Melaka is the new Malacca

By December 11, 20102010, Asia

What is this blog about Malaysia doing here amongst the Thais?
Short answer, when this blog was due, I was suffering from a sunburn.
[And I’m tardy.]

Now, I mean an equatorial sunburn. Not a Canadian beach sunburn.
Those who were there – you know…
For those who weren’t, let me tell you this:
yes, you can get cankles from a sunburn,
and yes they can keep you from walking for three days.

But I would not trade that sunburn for anything.
Why? Well let me share something I learnt that awfully hot day in Melaka
-and if you get nothing else from this entry, then that is fine –
THE BEST WAY TO ABSORB A HISTORY IS TO BE IN THAT PLACE.

Melaka was the port of destination of ships from England to Korea, from the 15th century onward; it was hailed the Venice of the East.

Today it is simply an industrial port city, with dirty beaches,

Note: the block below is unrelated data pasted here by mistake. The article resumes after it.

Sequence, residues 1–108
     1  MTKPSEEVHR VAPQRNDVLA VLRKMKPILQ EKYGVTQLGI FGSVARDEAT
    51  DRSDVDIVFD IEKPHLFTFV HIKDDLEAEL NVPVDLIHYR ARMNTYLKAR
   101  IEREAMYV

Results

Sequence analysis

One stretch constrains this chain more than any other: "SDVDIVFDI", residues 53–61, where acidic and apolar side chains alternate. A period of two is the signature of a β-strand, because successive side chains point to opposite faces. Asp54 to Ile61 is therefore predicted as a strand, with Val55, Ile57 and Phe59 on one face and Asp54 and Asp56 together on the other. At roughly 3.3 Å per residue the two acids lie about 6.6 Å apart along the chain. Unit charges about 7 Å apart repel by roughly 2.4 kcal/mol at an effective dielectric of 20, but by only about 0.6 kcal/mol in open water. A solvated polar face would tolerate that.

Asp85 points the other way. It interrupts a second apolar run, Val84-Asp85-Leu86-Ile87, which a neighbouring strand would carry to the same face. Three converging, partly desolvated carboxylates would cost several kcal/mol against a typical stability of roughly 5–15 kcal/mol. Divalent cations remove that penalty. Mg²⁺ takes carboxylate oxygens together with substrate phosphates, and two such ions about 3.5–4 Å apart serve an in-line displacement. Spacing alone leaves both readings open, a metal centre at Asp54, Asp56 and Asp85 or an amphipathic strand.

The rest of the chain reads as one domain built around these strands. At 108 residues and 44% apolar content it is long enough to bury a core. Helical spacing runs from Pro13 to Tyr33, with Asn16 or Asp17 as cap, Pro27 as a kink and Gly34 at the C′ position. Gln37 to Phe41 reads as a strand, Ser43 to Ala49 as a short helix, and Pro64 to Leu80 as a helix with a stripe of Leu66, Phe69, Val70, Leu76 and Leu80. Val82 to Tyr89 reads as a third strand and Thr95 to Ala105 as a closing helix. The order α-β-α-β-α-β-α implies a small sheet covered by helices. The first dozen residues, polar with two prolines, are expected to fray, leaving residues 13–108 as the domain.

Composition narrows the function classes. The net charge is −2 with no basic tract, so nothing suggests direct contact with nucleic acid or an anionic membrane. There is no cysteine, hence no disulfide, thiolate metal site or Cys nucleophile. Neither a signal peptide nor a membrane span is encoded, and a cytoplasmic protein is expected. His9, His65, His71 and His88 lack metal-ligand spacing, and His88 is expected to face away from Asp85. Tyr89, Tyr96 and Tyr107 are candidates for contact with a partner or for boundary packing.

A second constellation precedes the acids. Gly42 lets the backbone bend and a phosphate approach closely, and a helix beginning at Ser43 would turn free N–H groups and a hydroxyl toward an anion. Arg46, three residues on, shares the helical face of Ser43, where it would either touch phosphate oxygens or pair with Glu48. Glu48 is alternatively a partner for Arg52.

and  its historical significance is lost on people.

This maddens me.

How is it my colleagues and friends in Ontario do not know a thing about Melaka?
Do you, the reader, know a thing about Melaka?
I can never know for sure.

All I know is I stood in the waters of a beach on the Straits of Malacca –  in the same waters that moved along the traders of Iberia, Britain, the Low Countries, Arabia, India, China, Korea and Japan. And in that moment, the reality of what I had read of this city came to life; this was once a great place.

I think we can all honour the city’s legacy by at least recognising it’s name when it arises in conversation. It has a worthy legacy, and our own ancestral history could be linked to the trade that once happened there.

Amazing to think that the world was small even 500 years ago.

Liam

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